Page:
I have my browser home page set to del.icio.us, and yesterday top on the hot list was an article from SFGate claiming that “the next generation of kids might be the biggest pile of idiots in U.S. history.” It went on to list the many shocking things that students don’t know and claimed:
We are, as far as urban public education is concerned, essentially at rock bottom. We are now at a point where we are essentially churning out ignorant teens who are becoming ignorant adults and society as a whole will pay dearly, very soon, and if you think the hordes of easily terrified, mindless fundamentalist evangelical Christian lemmings have been bad for the soul of this country, just wait.
I tend to discount such articles and claims, believing that they underestimate intelligence or exaggerate ignorance or something must be wrong with the survey questions.
In the evening, I attended a lecture on my campus titled, “Science Under Attack, from the White House to the Classroom: Public Policy, Science Education, and the Emperor’s New Clothes,” by physicist Lawrence Krauss. Krauss made similar claims, this time about adults. Krauss revealed that 50% of Americans believed that the statement, “the earth revolves around the sun and it takes 1 year” was false.
All of this reminded me of the recent but not widely distributed Mike Judge film, Idiocracy. The movie is set 500 years in the future. The premise is that by this time stupid people have reproduced at a far greater rate than the educated elite, and the country is left with idiocracy, rule by the stupid. Language has devolved into a mix of grunts, slang, and valley girl; the most popular tv program is Ow My Balls! As one reviewer put it: “Mike Judge’s future is not the brave new world of Asimov or Clarke. It’s a moronic Jerry Springer hell where the lowest common denominator has become the status quo.”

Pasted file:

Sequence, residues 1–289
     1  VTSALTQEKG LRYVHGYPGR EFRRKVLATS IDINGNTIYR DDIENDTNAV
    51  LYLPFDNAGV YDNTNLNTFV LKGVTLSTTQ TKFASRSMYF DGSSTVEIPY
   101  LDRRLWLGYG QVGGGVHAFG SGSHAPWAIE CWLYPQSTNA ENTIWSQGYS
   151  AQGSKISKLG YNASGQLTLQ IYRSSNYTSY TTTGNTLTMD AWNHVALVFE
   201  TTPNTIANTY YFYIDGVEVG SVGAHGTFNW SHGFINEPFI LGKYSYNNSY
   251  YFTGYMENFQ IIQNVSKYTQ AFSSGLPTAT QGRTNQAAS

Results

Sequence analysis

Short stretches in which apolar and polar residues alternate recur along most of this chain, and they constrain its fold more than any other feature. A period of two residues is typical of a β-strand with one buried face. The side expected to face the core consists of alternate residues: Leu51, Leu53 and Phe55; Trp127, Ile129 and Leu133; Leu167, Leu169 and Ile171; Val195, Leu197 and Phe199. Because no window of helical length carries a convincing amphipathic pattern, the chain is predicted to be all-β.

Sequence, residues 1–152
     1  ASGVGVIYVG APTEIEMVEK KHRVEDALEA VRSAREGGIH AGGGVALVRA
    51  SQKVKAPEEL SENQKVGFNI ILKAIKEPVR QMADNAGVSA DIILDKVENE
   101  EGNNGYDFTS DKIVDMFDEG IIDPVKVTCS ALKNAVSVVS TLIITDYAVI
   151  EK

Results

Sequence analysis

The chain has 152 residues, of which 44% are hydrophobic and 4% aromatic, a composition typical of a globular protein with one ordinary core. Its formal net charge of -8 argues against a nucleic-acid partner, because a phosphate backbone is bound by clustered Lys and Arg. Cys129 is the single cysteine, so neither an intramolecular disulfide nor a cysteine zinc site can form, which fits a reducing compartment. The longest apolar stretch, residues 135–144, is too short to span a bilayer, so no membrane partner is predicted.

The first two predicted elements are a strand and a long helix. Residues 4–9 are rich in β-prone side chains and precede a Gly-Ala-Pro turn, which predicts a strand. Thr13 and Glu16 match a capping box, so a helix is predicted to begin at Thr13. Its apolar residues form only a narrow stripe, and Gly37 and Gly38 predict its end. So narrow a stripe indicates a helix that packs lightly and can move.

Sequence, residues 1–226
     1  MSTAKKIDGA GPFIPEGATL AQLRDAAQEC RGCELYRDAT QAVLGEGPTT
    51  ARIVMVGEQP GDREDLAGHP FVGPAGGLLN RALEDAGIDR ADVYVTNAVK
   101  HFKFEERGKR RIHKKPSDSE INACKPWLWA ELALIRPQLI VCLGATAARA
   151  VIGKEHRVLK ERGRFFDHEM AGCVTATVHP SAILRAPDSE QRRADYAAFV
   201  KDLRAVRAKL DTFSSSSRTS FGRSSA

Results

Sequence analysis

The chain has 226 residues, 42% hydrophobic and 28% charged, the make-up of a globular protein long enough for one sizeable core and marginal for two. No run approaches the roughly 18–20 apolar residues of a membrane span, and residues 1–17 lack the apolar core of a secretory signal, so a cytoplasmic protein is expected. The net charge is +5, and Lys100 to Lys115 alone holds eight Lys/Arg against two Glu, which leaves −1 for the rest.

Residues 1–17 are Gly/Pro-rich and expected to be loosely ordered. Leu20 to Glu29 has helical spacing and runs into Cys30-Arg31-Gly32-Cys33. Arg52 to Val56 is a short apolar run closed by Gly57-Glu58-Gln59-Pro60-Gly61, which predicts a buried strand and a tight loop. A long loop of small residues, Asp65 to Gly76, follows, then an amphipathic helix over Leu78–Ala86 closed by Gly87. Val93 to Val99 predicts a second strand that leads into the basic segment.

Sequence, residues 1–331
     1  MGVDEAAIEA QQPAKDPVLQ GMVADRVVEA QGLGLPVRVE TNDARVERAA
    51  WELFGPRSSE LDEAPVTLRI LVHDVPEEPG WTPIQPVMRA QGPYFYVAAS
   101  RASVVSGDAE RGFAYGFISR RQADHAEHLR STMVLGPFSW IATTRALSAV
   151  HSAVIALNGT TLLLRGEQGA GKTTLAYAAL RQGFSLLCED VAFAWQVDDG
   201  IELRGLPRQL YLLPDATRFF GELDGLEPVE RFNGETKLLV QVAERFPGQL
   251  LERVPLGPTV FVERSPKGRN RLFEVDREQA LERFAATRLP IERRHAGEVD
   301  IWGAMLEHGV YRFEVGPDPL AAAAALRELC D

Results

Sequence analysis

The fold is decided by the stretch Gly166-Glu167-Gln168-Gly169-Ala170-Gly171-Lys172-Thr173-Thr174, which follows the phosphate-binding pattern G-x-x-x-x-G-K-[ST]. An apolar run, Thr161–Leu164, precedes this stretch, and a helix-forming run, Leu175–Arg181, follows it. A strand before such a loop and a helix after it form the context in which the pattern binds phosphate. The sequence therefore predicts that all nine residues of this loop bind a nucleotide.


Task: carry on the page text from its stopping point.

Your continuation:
If you aren’t going to Netflix this second to que up this classic, the kicker is that the lead character (Luke Wilson) is an army librarian from 2005 of average intelligence who is trying to do as little as possible in his job until he can retire. He gets sent to the future (with Maya Rudolph, who plays a prostitute) and even though he’s simply average in 2005 he is the most brilliant person in the country in 2505.
At one point he tells Maya’s character with a mix of faux urgency, irony, and sorrow: “I want you to go back to the past, without me, and tell them to read. Tell them to read a lot of books.”
Spoken like a true librarian. But will it be enough?
5 thoughts on “Idiocracy?”
This is a funny movie, but a little scary! The IQ test in the film – “If you have 1 bucket with 2 apples and another bucket with 5 apples, how many buckets do you have?”
Looks like the SF Gate columnist isn’t the only one taking note of the “Idiocracy” in society. Sunday’s Dilbert strip picks up on the same theme. Take a look at:
Thanks for sharing the SF Gate piece – it was a good read.
Let’s hope academic librarians can do their part to reverse the trend.
In regard to the Krauss lecture, I increasingly wonder if ACRL and ALA aren’t neglecting a great opportunity to advance the cause of information literacy by taking a decisive official stance against the purveyors of “intelligent design.” I can think of few forces in our culture more hostile to an appreciation and understanding of the epistemic value of peer-review than those who actively and essentially prey upon popular scientific ignorance.
Idiocracy is both hilarious and terrifying, and has been a favorite among my cohort for awhile. The attacks at Big Business are so close to home the film was never fully released in the States and I believe the dvd was released in Germany. To be sure, Mike Judge has something to say: he’s absolutely disgusted. It’s hard to perceive the story as distant or fantasy while watching fast food giants subcontract as social services or an energy drink company get tired of dealing with the FCC and FDA and just well, BUY them. It’s silly and not for a PC crowd, but it’s a must see.
There’s a good article on Idiocracy in Books and Culture by Frederica Mathewes-Green here: http://www.christianitytoday.com/bc/2007/006/3.16.html